Earlier this week, I was reading this story
in the Wall Street Journal
, which is about the growth of the apps industry, when I came across an analogy that both puzzled and intrigued me: Simon Khalaf, the CEO the mobile analytics company Flurry Inc., was comparing the apps industry now to the car industry at the turn of the last century. He said, “You see the growth of roads and know they’re going to be big. But it is still early days.”
To find out more about what Khalaf was getting at, I spoke with Christian Poppelreiter, an Account Specialist at Flurry. He said:
Simon was making a comparison between mobile applications and cars -- the main similarity, of course, is the rate of adoption of both apps and cars at their respective points in history and the consequent opportunity for entrepreneurs to capitalize on this adoption. The "roads" that he mentions are smartphones and tablets, on which the "cars" (apps) can run. Simon would also point out the adoption of mobile devices and the use of apps has taken place much more quickly than any other form of consumer technology including cars, electricity, PCs, and even the Internet.
Obviously the app market has shown an incredible adoption rate as apps have become a part of our society and as the market continues to grow. As of now, Google’s
(NASDAQ:GOOG) Play and Apple’s
(NASDAQ:AAPL) App Store both have more than 700,000 apps available for download. Adding in the offerings from smaller app competitors Microsoft
(NASDAQ:BBRY), and Amazon
(NASDAQ:AMZN), the app industry is huge and chaotic, and it brings in a lot of cash: Global revenue from apps is expected to rise a full 62% to $25 billion this year, according to Gartner, Inc. Companies obviously consider the costs of development and initial release, but often fail to allow for how expensive maintenance can be; fixing bugs, tweaking the app to meet consumer preference, and keeping it competitive in design and function with the ever increasing number of competitors all comes with costs. (Read more here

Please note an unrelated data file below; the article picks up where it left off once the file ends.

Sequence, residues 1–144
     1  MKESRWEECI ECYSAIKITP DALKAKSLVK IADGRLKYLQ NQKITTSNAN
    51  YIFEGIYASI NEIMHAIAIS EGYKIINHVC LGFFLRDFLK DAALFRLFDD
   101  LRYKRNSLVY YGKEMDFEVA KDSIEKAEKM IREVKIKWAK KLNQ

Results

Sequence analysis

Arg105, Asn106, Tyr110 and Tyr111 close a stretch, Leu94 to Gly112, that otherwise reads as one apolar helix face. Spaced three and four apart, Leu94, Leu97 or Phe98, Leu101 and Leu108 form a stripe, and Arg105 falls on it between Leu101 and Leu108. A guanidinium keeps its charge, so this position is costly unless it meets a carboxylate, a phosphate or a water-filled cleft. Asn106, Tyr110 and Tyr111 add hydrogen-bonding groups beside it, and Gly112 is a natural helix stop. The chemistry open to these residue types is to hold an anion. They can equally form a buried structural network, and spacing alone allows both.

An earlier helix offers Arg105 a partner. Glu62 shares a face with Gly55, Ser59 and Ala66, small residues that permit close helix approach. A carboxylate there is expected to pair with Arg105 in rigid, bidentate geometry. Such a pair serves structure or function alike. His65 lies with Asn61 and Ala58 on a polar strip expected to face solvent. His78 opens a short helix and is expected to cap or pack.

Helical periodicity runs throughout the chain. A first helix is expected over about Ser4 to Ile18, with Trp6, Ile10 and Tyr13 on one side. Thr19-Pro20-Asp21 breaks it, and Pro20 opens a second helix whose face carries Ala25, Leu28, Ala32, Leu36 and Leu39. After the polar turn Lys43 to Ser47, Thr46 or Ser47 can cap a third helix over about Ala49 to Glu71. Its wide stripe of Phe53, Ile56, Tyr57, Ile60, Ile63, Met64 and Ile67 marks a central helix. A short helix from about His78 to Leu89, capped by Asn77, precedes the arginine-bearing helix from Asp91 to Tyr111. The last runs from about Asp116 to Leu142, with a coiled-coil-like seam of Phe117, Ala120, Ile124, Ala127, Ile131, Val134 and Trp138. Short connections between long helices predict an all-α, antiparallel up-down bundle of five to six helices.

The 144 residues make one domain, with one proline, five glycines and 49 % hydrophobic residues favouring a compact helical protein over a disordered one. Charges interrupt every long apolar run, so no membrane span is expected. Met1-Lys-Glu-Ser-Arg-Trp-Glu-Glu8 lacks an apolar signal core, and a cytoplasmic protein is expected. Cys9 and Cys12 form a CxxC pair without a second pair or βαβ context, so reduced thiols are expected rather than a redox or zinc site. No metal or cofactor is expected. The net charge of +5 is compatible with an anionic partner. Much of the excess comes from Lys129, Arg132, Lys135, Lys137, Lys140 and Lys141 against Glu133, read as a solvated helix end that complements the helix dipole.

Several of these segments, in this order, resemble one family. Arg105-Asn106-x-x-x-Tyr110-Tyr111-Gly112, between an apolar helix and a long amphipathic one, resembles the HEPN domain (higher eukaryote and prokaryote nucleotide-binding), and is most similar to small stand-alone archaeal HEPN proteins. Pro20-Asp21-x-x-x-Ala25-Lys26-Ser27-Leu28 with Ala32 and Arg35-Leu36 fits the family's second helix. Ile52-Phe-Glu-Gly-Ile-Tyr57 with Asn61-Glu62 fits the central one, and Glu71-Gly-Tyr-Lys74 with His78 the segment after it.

on how an app's maintenance is critical to its success.) Here is where we can to continue the comparison with the car industry at the turn of the 20th century.
Too Many App Makers?
By 1900, there were at least 100 different brands of early automobiles being manufactured and marketed in the US. Since this was before Henry Ford’s production line, the majority of these were handmade and expensive to make and to buy.
As Scott Lorenz, the President of Westwind iPhone App Publicity, told me:
Back in the early car days, you had thousands of tinkerers, mechanics, and investors all working to build automobiles, just as you have app developers today trying to create the next big app to make a fortune. Most of those early auto pioneers failed and sadly, most of the app developers today will fail, too. Today upwards of 300 apps a day are created, many of which are extremely creative and well done. But the oversupply of new apps means they simply cannot all succeed. Furthermore, just as was the case in the early car days, the guy with the money gobbled up other car makers in a roll-up won the game. The question is, Who is the General Motors of the app development game today? Or did Apple just get millions of apps with no development cost in the ultimate modern day version of Tom Sawyer getting others to paint the fence?
The market for apps is supersaturated. For every behemoth like the billion-dollar Instagram, there are hundreds of thousands of creative, well-designed apps that will never make it. As Shauri Levy of Software Progressions told me, “The current app environment is not sustainable, especially with mobile devices. It requires too much money and time to create apps that run on Web, all mobile devices, and operating systems.” Simply put, the app market will have to adapt to these issues just as the auto industry did in its salad years. The adaptation is already happening. Henry Ford and the Adaptation of the App Market
As Bryan Leeds, Co-Founder of mobile file sharing company Xsync, tells me, “Apps are currently at the stage where Henry Ford came along. Do-it-yourself app platforms are prevalent, and other platforms allow mobile websites to turn into native apps. Anyone cane make an app now, and developers are building products to make it even easier.”
Because they do not require any knowledge of or skill with coding, platforms such as Kleverbeast